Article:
Nathaniel Whittemore wrote on www.change.org,
"Wired wrote yesterday about a cell-phone modification that could bring on-the-spot disease detection and monitoring to even the most remote corners of the world. The phone has its lens removed and modified with an LED light source that reveals particular properties of the blood when lit. The camera sensor can then image the blood, creating a diagnostic lab all in a cell phone...So imagine this.
It's 2011, and a lot has changed in our approach to global health promotion. First, we've established a Department of Development that recognizes that prevention goes a lot further than treatment, and has begun to make strategic investments in technology and training around the world. Michael Kleinman is the director, with Paul Farmer as his Senior Adviser, of course. One of the early initiatives was the promotion of a global health corps which was focused on training community health workers, the backbone of most health systems. To enable even more effective home care, these community health workers have cell-phones outfitted with the LUCAS mobile test system above, and use Ushahidi and FrontlineSMS technology to immediately send results to a global epidemiological database from which regional and international teams can analyze trends in disease prevalence. Nonprofits and national agencies consult with the doctors monitoring the global database to design interventions that strategically head-off possible epidemics. Meanwhile, pharmaceutical companies who have negotiated lower rates with national governments, mediated by partners like the Clinton Foundation, employ a partnership with Coca-Cola to use their delivery trucks to get life saving drugs to even the most inaccessible regions. And of course, patients being treated can use their own cheap mobile phones to send messages to health workers about updates in their condition.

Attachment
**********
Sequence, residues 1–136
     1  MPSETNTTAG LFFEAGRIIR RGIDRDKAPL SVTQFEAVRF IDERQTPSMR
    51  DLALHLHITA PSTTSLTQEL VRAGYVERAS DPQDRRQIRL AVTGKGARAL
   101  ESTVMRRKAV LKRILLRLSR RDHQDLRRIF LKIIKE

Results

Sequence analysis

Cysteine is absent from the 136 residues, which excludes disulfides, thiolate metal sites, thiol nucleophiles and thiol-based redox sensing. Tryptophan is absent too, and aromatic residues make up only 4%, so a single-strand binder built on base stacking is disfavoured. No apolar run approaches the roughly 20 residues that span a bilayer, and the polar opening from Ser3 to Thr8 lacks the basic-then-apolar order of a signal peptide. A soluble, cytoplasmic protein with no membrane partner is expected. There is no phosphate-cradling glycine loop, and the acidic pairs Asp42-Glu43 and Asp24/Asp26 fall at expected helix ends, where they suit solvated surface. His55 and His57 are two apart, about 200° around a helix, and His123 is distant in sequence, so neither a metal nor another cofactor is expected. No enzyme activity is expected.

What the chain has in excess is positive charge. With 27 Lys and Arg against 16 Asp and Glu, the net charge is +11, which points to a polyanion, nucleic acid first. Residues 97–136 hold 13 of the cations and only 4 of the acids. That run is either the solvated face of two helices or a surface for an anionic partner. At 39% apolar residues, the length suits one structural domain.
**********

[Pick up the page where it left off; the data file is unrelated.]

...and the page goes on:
Sounds like fantasy? It's not. Everything above is happening or being discussed. The actors are corporate, nonprofit, and government. All it will take is the right collaboration, predicated on a common sense of moral outrage and an understanding of our immense opportunity to create a healthier world."
There are also some good posts that balance the optimism of what we can do with mobile phones with the realities of business models, scale and the need for human capacity and infrastructure as well. I'll post those view points as well.